Spring time is a delightful time to enjoy exotic, intense and exquisite herbal teas.
Herbal teas, also referred to as ‘tisanes’ represent a significant part of the tea world, but technically they are not really teas.
Although, you may not be familiar with the word "tisane", you have probably experienced drinking them at some point in your life. A tisane is simply a cup of "tea" made from something other than a tea leaf. True tea comes from the Camellia sinensis plant, and it is sold in stores as white, green, black or oolong tea. Herbal, floral and fruit teas are actually considered tisanes. Tisanes are mostly chosen for flavor variety or to avoid the caffeine in the tea leaf, but some herbs have medicinal properties that are best absorbed in tea form.
Tisanes are usually categorized by the part of the plant where they are found. For example, the major categories of tisanes include:
Leaf tisanes: lemon balm, mint, lemongrass, and French verbena
Flower tisanes: rose, chamomile, hibiscus and lavender
Bark tisanes: cinnamon, slippery elm, and black cherry bark
Root tisanes: ginger, echinacea, and chicory
Fruit/berry tisane: raspberry, blueberry, peach, and apple
Seed/spice tisanes: cardomom, caraway, and fennel
Sometimes, tisanes are made from a blend of plant types or from multiple parts of the same plant. Tisanes are often made from moss, stems or other plant matter. Herbal teas may additional be classified as medicinal. Since many have a high content of antioxidants and nutrients, while others are typically consumed for simple enjoyment. Detox teas have become a very popular category of medicinal tisanes.
Brewing teas and proportions for tisanes vary widely. They may be as short as two minutes or as long as 15 minutes, and may require as little as a pinch of plant material per cup of water or as much as several tablespoons per cup. Packages will usually supply brewing instructions for each type.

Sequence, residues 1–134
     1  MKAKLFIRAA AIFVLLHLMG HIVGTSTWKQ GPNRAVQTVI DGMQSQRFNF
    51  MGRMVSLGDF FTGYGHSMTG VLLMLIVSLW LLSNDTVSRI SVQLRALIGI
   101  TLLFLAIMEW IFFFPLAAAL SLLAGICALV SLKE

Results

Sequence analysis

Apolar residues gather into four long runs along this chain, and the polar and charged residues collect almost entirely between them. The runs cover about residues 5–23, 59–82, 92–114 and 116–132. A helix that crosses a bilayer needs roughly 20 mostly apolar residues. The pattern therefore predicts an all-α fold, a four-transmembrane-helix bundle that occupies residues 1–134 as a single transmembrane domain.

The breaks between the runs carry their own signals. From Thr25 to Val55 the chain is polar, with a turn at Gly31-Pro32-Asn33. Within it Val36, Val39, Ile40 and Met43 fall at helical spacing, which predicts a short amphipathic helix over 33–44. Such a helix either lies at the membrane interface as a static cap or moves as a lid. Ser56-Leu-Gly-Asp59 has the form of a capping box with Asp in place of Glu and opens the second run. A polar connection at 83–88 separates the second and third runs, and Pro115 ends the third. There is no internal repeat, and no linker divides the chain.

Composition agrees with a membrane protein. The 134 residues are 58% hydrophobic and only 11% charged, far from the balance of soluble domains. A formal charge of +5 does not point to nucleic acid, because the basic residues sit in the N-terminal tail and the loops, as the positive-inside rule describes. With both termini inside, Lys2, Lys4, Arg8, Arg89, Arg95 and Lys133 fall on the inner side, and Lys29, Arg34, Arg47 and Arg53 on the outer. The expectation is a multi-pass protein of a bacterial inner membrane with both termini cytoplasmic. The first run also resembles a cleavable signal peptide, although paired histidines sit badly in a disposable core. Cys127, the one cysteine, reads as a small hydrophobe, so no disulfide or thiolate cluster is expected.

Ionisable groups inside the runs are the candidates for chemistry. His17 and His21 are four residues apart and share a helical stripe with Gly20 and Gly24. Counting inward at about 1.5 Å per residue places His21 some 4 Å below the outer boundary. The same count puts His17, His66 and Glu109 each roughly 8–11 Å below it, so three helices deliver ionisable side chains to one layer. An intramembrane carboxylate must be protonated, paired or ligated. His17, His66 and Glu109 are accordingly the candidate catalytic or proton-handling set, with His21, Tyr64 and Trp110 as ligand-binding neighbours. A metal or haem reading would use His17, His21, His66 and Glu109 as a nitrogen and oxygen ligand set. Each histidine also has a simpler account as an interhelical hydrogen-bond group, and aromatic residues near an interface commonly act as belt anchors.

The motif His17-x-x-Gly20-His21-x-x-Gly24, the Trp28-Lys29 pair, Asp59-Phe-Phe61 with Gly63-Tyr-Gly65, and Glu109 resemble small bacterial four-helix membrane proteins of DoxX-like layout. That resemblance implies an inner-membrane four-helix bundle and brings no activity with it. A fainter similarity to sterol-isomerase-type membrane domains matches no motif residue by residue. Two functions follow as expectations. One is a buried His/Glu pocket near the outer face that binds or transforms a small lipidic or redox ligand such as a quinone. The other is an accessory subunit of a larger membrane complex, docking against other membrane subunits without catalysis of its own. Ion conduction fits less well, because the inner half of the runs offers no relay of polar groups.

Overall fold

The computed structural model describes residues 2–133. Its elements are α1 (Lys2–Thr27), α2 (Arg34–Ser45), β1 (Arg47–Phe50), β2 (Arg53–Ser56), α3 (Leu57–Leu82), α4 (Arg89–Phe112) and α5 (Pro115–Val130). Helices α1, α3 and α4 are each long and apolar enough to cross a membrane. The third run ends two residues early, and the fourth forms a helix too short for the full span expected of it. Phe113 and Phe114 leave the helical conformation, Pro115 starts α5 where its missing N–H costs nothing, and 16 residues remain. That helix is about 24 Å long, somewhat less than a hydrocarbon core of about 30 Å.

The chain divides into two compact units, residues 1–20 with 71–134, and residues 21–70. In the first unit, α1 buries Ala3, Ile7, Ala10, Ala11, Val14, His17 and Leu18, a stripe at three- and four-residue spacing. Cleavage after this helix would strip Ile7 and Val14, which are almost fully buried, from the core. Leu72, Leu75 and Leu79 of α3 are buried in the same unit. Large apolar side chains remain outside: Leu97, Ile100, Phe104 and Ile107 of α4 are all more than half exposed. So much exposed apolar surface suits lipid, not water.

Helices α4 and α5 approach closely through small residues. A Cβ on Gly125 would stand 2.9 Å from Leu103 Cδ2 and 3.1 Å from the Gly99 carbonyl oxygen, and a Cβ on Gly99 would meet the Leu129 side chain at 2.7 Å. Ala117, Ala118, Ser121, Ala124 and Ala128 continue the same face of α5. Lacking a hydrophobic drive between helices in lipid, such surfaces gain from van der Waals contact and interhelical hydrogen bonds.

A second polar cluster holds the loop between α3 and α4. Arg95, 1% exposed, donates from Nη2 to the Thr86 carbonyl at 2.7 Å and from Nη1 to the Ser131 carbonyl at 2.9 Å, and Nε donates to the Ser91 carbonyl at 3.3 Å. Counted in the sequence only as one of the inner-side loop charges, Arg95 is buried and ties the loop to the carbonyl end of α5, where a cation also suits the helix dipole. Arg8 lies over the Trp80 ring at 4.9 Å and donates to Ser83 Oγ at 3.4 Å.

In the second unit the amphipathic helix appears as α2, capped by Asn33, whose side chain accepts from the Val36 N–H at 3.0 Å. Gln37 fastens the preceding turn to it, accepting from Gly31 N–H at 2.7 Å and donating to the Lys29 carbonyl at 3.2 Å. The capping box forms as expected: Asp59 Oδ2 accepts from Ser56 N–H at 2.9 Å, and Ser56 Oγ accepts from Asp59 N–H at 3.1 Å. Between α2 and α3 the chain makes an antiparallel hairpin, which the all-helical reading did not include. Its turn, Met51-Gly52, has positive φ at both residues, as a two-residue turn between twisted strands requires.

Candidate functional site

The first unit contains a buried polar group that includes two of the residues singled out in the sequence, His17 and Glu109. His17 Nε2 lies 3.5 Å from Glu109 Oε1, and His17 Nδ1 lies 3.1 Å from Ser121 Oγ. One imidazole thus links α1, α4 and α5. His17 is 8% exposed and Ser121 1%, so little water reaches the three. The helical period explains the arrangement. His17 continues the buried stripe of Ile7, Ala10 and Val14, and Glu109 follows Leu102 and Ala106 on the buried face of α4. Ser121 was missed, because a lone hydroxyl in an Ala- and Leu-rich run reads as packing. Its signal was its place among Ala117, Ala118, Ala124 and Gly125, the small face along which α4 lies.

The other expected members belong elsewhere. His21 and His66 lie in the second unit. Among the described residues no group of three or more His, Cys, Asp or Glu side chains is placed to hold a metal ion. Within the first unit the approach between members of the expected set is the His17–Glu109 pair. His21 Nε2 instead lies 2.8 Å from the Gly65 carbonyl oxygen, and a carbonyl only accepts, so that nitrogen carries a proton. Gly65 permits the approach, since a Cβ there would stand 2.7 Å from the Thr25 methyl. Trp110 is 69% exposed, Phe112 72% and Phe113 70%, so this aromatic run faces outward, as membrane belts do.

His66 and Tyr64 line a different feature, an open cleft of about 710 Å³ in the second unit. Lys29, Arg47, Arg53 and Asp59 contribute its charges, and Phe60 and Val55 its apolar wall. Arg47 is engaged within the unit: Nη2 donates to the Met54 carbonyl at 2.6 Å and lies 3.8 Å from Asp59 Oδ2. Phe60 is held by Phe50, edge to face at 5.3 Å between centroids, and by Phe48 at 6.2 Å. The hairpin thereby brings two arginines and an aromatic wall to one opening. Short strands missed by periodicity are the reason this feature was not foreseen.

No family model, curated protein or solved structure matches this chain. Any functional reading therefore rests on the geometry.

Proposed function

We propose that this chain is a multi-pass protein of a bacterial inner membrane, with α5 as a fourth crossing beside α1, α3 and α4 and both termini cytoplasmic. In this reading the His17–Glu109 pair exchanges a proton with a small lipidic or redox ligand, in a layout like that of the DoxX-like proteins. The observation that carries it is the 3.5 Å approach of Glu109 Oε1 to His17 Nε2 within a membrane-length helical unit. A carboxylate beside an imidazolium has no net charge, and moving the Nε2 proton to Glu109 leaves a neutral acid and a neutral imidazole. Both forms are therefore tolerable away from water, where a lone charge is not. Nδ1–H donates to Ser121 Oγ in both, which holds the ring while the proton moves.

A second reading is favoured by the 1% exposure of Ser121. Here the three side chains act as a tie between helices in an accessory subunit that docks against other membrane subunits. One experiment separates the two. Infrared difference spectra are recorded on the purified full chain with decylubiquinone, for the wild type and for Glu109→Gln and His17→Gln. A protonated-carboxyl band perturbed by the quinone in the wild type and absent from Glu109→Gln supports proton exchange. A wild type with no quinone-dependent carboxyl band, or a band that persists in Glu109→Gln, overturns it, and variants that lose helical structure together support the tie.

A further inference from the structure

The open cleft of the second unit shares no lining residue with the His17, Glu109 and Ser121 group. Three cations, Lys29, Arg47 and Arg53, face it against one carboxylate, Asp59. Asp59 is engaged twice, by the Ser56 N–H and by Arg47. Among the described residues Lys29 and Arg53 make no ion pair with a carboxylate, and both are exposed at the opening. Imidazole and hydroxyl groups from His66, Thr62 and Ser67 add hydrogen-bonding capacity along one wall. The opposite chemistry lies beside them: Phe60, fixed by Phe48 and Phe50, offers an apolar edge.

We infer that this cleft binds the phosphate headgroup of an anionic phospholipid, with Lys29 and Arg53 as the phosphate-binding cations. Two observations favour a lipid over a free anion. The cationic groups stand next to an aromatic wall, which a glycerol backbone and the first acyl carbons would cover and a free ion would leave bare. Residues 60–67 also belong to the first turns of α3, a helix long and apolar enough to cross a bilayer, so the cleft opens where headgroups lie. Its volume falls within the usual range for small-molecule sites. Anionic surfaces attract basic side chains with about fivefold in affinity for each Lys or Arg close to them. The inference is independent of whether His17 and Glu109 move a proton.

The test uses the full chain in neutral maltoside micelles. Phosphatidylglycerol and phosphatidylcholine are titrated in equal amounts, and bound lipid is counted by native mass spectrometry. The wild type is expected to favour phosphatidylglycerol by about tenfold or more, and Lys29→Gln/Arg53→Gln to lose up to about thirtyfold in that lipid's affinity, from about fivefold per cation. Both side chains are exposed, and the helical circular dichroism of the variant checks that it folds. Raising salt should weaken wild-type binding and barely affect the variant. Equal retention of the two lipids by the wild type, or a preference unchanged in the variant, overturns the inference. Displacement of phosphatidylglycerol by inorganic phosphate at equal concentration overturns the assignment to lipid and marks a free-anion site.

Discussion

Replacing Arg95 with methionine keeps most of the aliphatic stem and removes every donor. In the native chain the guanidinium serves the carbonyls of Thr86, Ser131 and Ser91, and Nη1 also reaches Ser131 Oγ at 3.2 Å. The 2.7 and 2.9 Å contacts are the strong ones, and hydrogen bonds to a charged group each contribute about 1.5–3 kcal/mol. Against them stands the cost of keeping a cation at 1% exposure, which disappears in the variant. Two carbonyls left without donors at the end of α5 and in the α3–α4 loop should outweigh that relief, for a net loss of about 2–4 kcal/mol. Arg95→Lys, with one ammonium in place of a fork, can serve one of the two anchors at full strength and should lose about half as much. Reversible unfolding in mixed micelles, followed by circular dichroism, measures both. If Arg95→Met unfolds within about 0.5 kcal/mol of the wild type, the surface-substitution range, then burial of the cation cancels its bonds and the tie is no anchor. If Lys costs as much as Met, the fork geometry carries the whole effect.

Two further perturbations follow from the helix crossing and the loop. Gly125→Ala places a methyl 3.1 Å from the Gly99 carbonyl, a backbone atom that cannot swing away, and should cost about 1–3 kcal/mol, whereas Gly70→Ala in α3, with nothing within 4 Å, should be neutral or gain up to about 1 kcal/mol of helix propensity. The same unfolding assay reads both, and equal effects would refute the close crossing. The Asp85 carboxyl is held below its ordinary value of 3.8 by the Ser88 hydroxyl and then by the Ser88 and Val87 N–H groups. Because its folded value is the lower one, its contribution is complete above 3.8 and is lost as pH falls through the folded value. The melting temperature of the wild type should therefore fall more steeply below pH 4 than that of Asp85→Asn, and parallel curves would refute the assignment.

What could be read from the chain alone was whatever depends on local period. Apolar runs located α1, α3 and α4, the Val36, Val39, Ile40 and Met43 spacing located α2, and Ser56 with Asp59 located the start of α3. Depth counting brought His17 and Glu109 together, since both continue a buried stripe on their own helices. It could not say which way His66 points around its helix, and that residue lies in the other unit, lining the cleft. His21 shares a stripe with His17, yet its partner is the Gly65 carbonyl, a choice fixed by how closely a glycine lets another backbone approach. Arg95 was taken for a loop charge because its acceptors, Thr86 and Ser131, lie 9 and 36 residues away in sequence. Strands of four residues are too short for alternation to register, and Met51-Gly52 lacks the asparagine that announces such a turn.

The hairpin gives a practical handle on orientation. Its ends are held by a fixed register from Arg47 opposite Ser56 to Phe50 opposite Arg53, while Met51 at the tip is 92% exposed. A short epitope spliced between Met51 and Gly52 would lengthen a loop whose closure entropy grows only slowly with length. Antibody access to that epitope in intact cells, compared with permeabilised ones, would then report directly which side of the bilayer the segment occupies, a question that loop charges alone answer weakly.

True tea contains varying amounts of caffeine -- less than a cup of coffee, but still too much for those who are caffeine-sensitive. Herbal teas, or tisanes, are popular alternatives because many are caffeine-free, and some varieties are formulated specifically for relaxation.
Some tisanes are imbibed for a specific purpose. Dandelion tea is an effective diuretic, and kava tea is used to help relieve stress. Some tisanes can also be cooled and used topically as astringents and disinfectants.
Tisanes also offer variety to the casual tea drinker. Herbal tisane flavors can range from light and bitter to deep and earthy, and even medicinal herbs can be consumed casually in weaker brews. Fruit tisanes are very common, and are frequently made with blueberries, blackberries, raspberries and apples, all of which provide the characteristic flavor of the fruit. Flower tisanes are slightly less common, except for the ever-popular chamomile, and usually impart a light, delicate flavor. Tisanes of all varieties are also frequently mixed with true tea to create different flavor profiles. Chai tea, for example, is black tea mixed with a tisane made from spices.
Weaver’s Coffee offers a selection of aromatic herbal teas to tantalize your taste buds. Our Chamomile Lemon Blossom Herbal Tea made with fresh chamomile flowers, is both soothing and caffeine-free - the ideal bedtime herbal drink.
Made from pure, organic peppermint, Weaver’s Peppermint Herbal Tea is naturally caffeine-free and soothing.
Our Lemon Ginger Herbal Tea is a timeless infusion of ginger root, lemon, lemon grass, licorice, and spearmint, that recharges the spirit while creating a relaxing escape for the senses.
Rooibus Mandarin Herbal Tea is a deep-red, mellow cup with a pleasant, spicy citrus aroma. Our woodsy vanilla rooibos is flavored with a hint of mandarin essence.